On a whole, the premise of "Timelash" isn't all that bad. The planet being ruled by an evil dictator is hardly new, but it's done in an interesting way here and the band of resisters is reminiscent of some of the earlier Doctor Who serials. In addition, Colin Baker is still in top form as the Doctor. He's a bit colder and meaner here than in the past - perhaps that's because he's been separated from Peri and therefore there is no one to melt the Doctor's heart(s) of ice. Nonetheless, Colin Baker shows that the Sixth Doctor is a pretty smart guy, and dabbles in a bit of inventing as the story progresses.

While we're looking at the positives of this story, I would like to point out the Borad in particular (whose visage is clearly seen on the DVD cover seen above). At a time when the special effects and makeup for the show were at an all-time low, the Borad actually appears to be quite menacing and extraordinarily evil. However, there isn't much more that can be truly considered "great" or "above average" in this story. While the concept of the Doctor meeting H.G. Wells and inspiring him to write "The Time Machine," is an interesting plot development in this story, it really doesn't go anywhere and doesn't stand up well when the idea is examined in more detail.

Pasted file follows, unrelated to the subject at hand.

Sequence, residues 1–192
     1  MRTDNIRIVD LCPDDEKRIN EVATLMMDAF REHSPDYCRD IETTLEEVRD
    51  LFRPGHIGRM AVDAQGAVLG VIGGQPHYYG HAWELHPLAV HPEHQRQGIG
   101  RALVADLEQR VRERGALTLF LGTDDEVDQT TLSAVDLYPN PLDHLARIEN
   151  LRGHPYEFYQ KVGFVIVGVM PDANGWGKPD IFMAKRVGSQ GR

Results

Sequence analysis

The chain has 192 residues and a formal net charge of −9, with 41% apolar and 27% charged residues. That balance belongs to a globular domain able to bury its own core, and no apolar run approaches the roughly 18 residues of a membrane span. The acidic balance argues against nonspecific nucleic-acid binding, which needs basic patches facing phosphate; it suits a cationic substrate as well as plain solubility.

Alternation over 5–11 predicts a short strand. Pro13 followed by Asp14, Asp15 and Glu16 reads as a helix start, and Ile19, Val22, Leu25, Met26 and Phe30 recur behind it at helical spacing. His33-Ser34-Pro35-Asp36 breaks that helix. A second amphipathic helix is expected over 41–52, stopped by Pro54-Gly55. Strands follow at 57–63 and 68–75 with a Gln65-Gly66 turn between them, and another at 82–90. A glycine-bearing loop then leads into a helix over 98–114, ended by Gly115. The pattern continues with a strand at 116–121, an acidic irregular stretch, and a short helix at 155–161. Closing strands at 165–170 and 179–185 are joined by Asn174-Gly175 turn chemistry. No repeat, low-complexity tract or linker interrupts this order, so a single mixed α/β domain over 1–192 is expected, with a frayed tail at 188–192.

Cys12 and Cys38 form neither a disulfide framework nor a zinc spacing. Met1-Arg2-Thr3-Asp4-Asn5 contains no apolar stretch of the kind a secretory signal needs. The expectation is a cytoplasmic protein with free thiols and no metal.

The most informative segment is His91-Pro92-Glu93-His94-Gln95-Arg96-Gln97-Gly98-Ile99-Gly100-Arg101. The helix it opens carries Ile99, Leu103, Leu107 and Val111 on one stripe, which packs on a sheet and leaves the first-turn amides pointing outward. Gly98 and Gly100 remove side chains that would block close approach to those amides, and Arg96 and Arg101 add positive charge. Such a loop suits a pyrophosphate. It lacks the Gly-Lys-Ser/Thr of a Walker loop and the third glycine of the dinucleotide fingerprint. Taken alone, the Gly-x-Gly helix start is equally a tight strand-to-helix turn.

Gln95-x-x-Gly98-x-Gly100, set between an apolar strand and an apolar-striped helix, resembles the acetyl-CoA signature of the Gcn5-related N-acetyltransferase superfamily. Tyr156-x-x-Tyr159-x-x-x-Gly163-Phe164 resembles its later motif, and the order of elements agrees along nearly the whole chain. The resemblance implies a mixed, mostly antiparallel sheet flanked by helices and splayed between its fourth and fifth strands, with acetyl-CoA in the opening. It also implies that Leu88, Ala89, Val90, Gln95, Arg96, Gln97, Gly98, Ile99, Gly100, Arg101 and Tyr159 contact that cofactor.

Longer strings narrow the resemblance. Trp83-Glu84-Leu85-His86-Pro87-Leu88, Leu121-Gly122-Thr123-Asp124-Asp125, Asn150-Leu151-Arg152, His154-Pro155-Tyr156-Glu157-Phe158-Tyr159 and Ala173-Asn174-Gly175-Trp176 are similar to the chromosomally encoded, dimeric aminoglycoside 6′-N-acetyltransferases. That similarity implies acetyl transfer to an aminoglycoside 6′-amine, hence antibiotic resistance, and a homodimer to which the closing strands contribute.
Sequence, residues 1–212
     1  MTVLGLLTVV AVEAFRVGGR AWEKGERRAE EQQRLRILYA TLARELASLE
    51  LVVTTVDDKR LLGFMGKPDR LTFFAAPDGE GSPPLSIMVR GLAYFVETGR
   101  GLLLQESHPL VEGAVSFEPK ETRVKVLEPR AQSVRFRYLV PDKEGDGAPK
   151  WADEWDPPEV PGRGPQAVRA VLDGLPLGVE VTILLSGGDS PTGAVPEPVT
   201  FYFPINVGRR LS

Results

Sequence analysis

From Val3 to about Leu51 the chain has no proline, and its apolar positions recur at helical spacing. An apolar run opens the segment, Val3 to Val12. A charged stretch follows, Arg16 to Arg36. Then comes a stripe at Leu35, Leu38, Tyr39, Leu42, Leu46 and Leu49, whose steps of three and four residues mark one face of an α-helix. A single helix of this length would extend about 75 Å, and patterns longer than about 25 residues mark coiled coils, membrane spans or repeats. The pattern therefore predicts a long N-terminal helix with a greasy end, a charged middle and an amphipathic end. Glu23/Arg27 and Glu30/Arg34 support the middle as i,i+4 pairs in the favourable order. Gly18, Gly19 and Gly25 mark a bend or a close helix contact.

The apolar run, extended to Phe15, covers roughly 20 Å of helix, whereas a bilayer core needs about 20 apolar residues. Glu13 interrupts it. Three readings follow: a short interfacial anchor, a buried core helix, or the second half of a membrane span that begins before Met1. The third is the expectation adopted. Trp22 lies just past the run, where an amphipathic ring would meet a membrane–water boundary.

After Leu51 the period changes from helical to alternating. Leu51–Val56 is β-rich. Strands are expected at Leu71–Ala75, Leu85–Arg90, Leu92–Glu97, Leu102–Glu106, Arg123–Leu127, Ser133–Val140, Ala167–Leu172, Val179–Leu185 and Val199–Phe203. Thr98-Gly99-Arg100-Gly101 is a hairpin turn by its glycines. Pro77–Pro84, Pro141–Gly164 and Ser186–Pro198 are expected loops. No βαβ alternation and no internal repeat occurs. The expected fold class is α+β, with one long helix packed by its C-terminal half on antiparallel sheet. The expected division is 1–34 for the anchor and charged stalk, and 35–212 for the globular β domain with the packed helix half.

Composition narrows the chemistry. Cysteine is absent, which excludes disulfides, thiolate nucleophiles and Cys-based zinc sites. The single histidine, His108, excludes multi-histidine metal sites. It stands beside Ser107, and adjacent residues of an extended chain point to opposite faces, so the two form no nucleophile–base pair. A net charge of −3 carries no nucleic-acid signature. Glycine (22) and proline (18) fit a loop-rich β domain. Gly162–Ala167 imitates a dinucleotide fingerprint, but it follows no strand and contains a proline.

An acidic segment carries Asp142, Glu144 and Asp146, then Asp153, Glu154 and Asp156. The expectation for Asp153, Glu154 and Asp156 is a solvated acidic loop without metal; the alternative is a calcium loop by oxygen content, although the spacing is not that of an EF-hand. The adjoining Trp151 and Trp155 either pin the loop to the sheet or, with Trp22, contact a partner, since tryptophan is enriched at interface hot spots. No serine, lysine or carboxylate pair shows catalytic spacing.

The acting (aside from Colin Baker and Nicola Bryant) isn't all that good in this story. It's dreadful, but certainly nothing fantastic. On a whole it's only mediocre. Much like "Mark of the Rani," I found this story to simple be mediocre. It's not that it is bad, but I simply wasn't impressed. Would I say that this serial deserves the title of worst Doctor Who story - no. Would I say that it is the weakest story from the show's 22nd season thus far - yes indeed. It's just an average, rather forgettable story and I really cannot say much more than that about "Timelash."

Coming Next Time: I have a bit more to say about "Revelation of the Daleks"

Notes: The idea of H.G. Wells travelling through time and space is actually a great idea. Since he wrote some of the most famous science fiction stories of all time, I feel like having Wells as a central character in a science-fiction story is grand. While "Timelash" isn't exactly the best example this, I willingly recommend "Time After Time." Written and directed by Nicholas Meyer ("The Seven-Per-Cent Solution"), this 1979 movie finds Malcolm McDowell's Wells travelling to present day San Francisco to catch Jack the Ripper (David Warner) who has escaped authorities in Well's time machine. It's a fun, creepy and very entertaining film.